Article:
Shifting Paradigms of English and the Critical Crucible of Genre Fiction


  • Sambuddha Jash PhD Research Scholar, Department of English University of Delhi Delhi – 110007 India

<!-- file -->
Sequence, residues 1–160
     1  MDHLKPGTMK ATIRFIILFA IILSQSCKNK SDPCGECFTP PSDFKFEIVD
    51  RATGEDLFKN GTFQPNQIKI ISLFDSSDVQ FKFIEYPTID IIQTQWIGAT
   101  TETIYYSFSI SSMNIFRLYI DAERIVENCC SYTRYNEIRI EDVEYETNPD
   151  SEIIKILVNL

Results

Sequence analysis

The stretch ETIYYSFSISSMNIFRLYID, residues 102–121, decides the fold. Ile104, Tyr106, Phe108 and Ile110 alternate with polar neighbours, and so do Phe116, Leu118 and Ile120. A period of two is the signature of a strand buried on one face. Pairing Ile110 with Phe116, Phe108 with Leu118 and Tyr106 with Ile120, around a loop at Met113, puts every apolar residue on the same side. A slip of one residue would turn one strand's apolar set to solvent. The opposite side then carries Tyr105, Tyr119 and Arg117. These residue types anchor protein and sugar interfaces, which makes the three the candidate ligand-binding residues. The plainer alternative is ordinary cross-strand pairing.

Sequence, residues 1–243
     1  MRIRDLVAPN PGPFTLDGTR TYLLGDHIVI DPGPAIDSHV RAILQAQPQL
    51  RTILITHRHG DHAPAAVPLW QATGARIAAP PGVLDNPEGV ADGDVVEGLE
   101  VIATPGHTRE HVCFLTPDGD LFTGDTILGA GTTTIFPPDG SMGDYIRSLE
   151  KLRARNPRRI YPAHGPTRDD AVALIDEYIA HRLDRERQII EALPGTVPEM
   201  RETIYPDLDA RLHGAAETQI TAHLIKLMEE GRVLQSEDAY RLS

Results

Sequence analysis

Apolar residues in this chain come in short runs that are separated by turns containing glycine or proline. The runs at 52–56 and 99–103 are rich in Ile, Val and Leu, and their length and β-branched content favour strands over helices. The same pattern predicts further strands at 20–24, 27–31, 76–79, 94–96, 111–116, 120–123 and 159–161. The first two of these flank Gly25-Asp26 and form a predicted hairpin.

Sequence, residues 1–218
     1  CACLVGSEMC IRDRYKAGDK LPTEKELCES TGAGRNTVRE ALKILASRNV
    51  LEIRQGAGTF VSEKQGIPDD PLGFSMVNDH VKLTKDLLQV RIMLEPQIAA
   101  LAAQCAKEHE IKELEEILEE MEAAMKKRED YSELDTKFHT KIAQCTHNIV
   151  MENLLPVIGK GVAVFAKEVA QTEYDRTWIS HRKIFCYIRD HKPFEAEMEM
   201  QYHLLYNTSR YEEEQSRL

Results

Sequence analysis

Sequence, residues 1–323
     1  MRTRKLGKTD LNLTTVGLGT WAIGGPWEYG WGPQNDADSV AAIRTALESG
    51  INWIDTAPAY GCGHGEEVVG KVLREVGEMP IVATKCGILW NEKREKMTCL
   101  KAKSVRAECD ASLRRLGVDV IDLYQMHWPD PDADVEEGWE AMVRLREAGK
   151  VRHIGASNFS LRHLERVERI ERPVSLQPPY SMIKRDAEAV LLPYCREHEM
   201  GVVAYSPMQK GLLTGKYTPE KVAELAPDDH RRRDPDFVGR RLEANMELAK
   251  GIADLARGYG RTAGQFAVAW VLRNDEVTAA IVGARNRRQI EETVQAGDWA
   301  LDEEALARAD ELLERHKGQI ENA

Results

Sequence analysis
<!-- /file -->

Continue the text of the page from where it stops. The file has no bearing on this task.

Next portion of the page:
This paper tracks the historical specificity of Indian English genre fiction writing that developed during the post-Liberalization era. Genre fiction within this paper is a term that has been designated to the category of post-Liberalization writings where we find proliferation of various genres which charts an alternative moment of literary history. To reach the central framework of this paper I have developed certain discursive moments to show the immediacy and necessity of genre fiction within the globalized Indian setting. It begins by questioning the suitability of English both as a language and a medium of literary expression to convey the Indian sensibilities, which were thought to be faithfully posited and represented within the world of the vernaculars.The paper proceeds through the critical engagement with these ideas and tries to show how the distinctive spaces of English and the Indian vernaculars are gradually subsumed through the global template of English education and its value. The final phase of the papershows that during the post-Liberalization times these spaces get negotiated and their terms of engagement are renewed. The most important development within this phase is the appropriation of English as the ‘new vernacular’. It is within this crucible of necessary change that a new dimension of writing emerges – embodied by the variants of genre fiction.


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